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China Joins Spacewalking Ranks

The New York Times reported that another milestone in China's space program was met Saturday afternoon when a Chinese astronaut orbiting the earth performed the nation's first spacewalk.
Zhai Zhigang pulled himself out of the Shenzhou VII spacecraft around 4:40 p.m. Beijing time, attached himself to a safety cords and a handrail, and waved to the multitudes who were watching the country's third space mission with an astronaut on a live broadcast.
“I am here greeting the Chinese people and the people of the world,? Mr. Zhai said, waving to a camera attached to the module.
The mission was part of China's plan to create a space station by 2020 and eventually land on the moon.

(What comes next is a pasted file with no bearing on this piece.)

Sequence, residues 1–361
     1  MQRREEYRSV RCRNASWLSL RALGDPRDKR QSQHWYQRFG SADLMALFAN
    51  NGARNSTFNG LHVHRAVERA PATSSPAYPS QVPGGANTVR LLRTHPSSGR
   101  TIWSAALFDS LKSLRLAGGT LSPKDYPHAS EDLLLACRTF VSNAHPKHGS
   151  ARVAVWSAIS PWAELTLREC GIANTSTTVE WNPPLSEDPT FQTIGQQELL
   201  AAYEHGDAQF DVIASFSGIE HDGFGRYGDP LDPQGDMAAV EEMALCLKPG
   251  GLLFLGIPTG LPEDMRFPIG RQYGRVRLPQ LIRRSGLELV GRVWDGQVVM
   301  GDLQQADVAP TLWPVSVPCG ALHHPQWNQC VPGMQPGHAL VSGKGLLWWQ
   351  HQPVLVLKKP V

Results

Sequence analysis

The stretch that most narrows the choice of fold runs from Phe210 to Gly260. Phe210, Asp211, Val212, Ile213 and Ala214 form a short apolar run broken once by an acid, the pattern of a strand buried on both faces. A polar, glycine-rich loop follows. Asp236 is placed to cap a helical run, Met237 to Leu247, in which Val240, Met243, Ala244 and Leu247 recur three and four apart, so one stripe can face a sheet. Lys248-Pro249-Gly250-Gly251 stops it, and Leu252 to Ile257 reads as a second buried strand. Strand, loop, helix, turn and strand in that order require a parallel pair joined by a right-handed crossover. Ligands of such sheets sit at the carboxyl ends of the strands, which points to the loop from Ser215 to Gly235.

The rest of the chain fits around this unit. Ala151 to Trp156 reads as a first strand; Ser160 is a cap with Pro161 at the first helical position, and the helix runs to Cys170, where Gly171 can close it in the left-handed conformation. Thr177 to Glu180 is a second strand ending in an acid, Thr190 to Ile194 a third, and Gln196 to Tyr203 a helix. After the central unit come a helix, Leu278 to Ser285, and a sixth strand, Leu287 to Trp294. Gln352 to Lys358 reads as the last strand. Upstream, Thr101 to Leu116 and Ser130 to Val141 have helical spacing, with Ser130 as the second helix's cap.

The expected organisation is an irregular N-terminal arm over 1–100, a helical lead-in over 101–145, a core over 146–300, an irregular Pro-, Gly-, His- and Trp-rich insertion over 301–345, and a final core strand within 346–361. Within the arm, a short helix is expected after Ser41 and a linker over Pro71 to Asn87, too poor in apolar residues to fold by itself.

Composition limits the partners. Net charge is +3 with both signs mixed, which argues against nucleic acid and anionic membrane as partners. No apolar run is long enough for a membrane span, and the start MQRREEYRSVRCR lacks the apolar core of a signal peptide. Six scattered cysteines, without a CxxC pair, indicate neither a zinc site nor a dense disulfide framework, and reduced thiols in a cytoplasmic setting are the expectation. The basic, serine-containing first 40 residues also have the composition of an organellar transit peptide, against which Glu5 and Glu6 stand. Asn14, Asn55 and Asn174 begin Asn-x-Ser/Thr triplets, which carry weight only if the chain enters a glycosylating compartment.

The Chinese government provides extensive media coverage to its space missions with astronauts. This achievement was another step towards the country's establishment as an economic and technological superpower.
President Hu Jintao was in Beijing's space command center on Saturday.
Zhai also waved a Chinese flag once he was fully out of the module and safely attached to it, causing cheers from viewers at the command center, the article said.
Liu Boming, another astronaut, became the second Chinese astronaut to touch space when he briefly stuck his head and part of his body out of the craft at one point during the mission. The third astronaut, Jing Haipeng, stayed behind in the re-entry module, which will take them back to earth should an emergency arise.
Two hours later, the team released a tiny monitoring satellite.
This was China's third manned space mission in five years. Prior to the occasion, only space programs in the United States and the Soviet Union, and later Russia, had sent humans into space, though astronauts from other countries have participated in some of those missions.